Canada Post puts 14th-century bowl on a new stamp to mark Eid festivals.
Marking the end of Ramadan, Eid-al-Fitr (“Festival of Fast Breaking”) is a holiday celebrated by Muslims across the world at the end of a month of fasting from sunrise to sunset each day. Ramadan is deemed a particularly holy month in the Islamic calendar as Muslims believe that the Prophet Muhammad received the first revelation of the Quran through the Archangel Gabriel during this month. Hence, Muslims take the time for extra spiritual introspection, communal prayer, and charitable acts during Ramadan.
As people mail holiday cards in celebration of Eid-al-Fitr, Canada Post has released a new stamp to mark the festival featuring a very special bowl from ROM's collection.
This hand painted ceramic bowl (ROM 909.27.1) was made in 1329 CE in Iran, during the Mongol Ilkhanid period. Made with a stonepaste body of ground quartz, glass, and clay, it is painted in cobalt blue, turquoise, purple, and black pigments under a transparent, colourless glaze. The bowl is inscribed on the inside with a blessing for its owner and the date of production, during Ramadan AH 729 of the Islamic calendar, equivalent to July 1329.
The main decoration features a central interlaced design filled in with six-petalled flowers. Alternating stippled and colourful bands decorated with circular shapes radiate from the centre and enclose four panels of poetic inscriptions in Persian translated as:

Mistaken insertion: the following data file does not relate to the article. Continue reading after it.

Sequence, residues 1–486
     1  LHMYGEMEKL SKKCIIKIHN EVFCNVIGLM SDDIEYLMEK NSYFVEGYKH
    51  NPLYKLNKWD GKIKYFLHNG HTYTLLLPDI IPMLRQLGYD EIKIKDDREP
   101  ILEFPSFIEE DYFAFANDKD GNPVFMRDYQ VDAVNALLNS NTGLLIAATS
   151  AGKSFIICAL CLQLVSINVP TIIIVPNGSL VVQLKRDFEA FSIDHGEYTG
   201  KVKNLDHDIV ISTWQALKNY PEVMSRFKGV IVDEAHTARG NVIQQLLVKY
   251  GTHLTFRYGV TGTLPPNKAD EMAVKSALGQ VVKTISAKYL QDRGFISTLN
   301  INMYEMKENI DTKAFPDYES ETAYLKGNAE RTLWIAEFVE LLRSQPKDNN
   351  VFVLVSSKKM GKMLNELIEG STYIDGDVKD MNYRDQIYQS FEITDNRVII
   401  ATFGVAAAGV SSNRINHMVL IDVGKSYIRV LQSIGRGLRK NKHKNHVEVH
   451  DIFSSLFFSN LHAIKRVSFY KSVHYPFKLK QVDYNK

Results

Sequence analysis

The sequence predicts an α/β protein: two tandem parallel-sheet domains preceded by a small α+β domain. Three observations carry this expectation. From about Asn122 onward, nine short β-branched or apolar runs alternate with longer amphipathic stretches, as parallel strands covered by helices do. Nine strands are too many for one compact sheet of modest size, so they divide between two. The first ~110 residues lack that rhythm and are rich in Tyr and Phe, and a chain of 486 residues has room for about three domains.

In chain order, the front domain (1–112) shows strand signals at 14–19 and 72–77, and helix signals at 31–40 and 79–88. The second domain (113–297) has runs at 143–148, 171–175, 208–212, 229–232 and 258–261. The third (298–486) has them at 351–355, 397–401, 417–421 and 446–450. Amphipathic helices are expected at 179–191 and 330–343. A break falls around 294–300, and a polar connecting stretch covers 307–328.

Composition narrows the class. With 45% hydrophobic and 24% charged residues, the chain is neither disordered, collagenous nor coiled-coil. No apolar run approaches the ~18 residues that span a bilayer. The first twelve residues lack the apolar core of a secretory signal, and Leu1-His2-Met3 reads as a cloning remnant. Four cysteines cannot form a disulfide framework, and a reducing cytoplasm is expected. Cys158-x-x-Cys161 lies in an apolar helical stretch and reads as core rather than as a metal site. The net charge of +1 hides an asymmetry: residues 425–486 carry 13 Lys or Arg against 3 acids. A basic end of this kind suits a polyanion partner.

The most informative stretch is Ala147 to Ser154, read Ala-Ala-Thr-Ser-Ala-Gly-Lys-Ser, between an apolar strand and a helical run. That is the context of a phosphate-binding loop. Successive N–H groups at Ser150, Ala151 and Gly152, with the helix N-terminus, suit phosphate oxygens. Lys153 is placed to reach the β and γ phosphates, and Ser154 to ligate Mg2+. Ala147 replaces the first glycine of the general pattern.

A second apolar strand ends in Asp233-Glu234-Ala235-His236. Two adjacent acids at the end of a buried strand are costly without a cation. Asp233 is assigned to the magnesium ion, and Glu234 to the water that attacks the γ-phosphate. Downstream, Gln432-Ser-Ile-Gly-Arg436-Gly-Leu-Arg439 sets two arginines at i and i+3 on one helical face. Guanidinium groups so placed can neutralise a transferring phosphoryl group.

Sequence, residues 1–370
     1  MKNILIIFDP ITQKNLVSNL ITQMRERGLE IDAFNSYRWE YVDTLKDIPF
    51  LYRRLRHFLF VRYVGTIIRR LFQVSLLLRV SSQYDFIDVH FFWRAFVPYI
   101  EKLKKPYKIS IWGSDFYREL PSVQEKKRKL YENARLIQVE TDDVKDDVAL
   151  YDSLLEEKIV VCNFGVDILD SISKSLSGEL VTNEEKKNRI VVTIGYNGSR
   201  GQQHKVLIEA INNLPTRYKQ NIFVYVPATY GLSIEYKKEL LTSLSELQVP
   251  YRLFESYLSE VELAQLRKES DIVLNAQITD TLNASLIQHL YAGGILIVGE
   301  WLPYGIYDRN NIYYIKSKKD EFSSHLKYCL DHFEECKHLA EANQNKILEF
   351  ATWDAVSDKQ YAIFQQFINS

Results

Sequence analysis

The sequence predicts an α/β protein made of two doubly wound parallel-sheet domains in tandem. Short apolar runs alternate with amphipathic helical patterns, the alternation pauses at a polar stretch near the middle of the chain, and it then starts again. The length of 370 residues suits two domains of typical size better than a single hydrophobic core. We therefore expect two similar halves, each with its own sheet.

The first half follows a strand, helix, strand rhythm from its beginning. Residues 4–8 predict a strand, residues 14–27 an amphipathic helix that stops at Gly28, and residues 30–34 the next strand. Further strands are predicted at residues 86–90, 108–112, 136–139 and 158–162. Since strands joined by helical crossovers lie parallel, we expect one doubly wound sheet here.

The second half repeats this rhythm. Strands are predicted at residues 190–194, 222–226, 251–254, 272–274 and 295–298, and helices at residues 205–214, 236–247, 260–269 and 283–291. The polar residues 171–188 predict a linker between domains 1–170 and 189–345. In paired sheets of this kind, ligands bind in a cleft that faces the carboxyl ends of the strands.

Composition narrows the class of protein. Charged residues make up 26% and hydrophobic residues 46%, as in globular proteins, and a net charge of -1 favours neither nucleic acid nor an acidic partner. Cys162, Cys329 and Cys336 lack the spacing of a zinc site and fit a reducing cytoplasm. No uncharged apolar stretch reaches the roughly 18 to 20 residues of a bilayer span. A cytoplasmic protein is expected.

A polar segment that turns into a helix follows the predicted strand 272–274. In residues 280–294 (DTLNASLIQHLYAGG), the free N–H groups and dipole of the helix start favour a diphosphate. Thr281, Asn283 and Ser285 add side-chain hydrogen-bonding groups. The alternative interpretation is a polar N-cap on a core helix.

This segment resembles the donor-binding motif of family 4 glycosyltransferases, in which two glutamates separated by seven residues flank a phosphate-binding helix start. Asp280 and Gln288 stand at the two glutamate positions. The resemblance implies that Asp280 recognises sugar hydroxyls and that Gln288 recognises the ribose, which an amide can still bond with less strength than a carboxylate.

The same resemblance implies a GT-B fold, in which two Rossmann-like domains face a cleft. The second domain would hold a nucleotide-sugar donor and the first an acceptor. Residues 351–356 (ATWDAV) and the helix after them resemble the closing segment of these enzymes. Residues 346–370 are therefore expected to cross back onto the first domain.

O Master! May you possess reason,
wisdom and intellect
May you forget all the sorrows of this world
Whenever your appetite draws you towards food
May you enjoy whatever you eat from this bowl
May the high heavens be in your favour
May you be protected from the harm of the evil eye
And that was written in the blessed month
of Ramadan of the year 729 [July 1329 CE]
There is a deep sense of humanity in this bowl that still rings true. The poem urges us to take a moment to forget our sorrows and be grateful for what we have and wishes us protection with a bit of luck. Blues are auspicious in Islam so even the colours the artist chose were meant to uplift the soul.
The bowl was purchased in 1909 by ROM’s founder, Charles T. Currelly, from a reputable Armenian dealer in Paris. Currelly paid a sizeable sum for this artefact, as he recognized its significance and connection to Ramadan. Little did Currelly know, that his carefully conceived purchase would one day grace a national stamp! The ROM opened its doors to the public in 1914 and the bowl has been cared for and displayed in its galleries ever since—come and see it at ROM’s Wirth Gallery of the Middle East soon.